Role of Noninvasive Imaging in the Diagnosis of Cardiac Allograft Vasculopathy
- transplant vasculopathy
- myocardial perfusion imaging
- cardiac magnetic resonance imaging
- cardiac computed tomography
Cardiac allograft vasculopathy (CAV) is common, with a prevalence of 52% at 10 years after transplantation, and represents a leading cause of death beyond the first year, responsible for approximately 15% of deaths annually.1 It is characterized by diffuse and concentric intimal proliferation, typically involving the intramural as well as epicardial coronary arteries. Its diagnosis is difficult to establish clinically because of denervation of the transplanted heart. Consequently, it presents late with silent myocardial infarction, progressive heart failure, or arrhythmic sudden death.2 Screening is therefore required for its early detection.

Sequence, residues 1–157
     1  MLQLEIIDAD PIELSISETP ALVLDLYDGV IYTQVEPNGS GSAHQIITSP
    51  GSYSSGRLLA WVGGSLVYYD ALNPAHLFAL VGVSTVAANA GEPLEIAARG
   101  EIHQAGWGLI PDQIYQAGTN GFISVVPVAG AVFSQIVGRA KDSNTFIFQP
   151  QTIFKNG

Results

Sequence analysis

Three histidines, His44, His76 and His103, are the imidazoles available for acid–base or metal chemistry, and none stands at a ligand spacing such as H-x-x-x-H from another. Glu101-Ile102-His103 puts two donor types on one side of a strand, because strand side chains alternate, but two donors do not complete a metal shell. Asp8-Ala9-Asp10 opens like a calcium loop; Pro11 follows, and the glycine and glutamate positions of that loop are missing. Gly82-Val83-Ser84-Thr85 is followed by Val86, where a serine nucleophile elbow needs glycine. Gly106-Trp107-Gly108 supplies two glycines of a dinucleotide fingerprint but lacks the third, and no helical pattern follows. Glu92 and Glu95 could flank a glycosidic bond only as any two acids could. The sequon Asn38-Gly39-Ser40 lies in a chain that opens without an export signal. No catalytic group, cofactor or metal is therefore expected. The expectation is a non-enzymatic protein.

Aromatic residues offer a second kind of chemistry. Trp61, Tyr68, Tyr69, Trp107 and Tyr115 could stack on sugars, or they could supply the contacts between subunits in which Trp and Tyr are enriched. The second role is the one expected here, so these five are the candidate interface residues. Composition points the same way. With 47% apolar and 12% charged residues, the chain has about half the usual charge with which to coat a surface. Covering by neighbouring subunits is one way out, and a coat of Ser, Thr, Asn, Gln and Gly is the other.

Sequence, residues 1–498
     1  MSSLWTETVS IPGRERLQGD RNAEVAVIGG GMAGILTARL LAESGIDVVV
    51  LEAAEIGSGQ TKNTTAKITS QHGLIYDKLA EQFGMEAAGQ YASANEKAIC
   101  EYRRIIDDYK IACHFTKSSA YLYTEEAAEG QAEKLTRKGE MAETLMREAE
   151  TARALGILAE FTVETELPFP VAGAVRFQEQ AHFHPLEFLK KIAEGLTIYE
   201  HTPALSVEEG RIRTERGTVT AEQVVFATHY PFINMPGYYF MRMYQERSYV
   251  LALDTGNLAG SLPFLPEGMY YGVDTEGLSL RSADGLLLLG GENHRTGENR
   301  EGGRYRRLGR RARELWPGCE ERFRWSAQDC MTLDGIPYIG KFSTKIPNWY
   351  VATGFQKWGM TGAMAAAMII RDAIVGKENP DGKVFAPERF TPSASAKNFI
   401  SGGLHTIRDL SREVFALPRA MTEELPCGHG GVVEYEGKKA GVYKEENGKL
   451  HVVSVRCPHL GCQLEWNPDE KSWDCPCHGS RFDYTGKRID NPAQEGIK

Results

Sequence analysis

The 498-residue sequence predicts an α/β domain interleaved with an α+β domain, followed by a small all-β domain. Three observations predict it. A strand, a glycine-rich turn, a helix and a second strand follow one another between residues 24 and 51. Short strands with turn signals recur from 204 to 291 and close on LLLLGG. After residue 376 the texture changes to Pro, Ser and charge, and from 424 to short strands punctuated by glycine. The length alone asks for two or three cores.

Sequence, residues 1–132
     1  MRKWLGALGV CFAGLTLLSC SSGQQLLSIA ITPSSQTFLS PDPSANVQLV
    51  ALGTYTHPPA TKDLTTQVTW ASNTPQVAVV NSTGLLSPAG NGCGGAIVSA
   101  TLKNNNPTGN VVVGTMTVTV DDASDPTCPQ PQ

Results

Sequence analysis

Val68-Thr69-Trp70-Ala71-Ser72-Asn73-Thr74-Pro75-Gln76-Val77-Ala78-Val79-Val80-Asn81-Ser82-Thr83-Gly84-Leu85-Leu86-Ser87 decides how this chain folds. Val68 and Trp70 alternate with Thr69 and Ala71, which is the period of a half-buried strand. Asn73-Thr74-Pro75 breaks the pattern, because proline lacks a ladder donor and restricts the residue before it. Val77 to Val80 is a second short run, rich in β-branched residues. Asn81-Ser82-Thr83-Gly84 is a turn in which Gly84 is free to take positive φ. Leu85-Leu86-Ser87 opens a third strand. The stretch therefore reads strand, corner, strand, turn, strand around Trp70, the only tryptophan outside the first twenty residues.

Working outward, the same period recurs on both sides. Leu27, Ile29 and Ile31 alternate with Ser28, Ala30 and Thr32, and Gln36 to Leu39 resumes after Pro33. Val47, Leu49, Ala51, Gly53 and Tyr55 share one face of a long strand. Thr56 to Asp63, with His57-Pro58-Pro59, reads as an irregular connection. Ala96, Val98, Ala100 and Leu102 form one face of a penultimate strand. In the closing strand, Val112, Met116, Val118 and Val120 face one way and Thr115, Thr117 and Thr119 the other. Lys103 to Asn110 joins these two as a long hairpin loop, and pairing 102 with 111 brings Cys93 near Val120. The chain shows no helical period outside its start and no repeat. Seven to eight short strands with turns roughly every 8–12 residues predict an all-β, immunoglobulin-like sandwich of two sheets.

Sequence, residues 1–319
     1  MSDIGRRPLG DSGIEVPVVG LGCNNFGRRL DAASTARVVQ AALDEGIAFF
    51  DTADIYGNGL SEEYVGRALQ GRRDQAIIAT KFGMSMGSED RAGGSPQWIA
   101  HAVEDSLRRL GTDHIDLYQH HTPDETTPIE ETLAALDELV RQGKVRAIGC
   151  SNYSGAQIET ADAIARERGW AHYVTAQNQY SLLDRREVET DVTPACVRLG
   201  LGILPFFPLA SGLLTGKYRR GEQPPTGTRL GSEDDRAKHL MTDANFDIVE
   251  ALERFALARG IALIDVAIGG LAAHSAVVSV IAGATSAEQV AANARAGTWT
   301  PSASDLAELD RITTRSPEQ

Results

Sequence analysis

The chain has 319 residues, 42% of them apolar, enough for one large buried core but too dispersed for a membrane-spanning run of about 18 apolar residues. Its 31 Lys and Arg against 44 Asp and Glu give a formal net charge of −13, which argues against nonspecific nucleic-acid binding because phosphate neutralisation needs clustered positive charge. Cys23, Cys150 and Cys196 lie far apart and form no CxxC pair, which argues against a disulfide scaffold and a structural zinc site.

Although coronary intravascular ultrasound (IVUS) is considered the gold-standard technique for detecting the anatomic features of CAV (Table 1), its broad clinical use in this context is limited by cost and lack of widespread expertise, and its evaluation is limited to epicardial vessels.3 Coronary angiography, performed annually or biannually, remains the most common clinical screening method.4 However, because of the diffuse nature of CAV with a lack of normal reference segments and the relatively late occurring luminal narrowing, the sensitivity of angiography is as low as 30% when compared with IVUS (Figure 1).5 As a result, complications frequently occur before disease is evident angiographically.6 Furthermore, angiography is associated with significant albeit uncommon complications (overall complication rate, 7.4/1000 procedures, including rates of 0.65/1000, 1.6/1000, and 0.72/1000 for cerebrovascular accidents, vascular complications, and death, respectively), is disliked by transplant recipients, is costly, and repeated studies are associated with an important cumulative radiation dose.7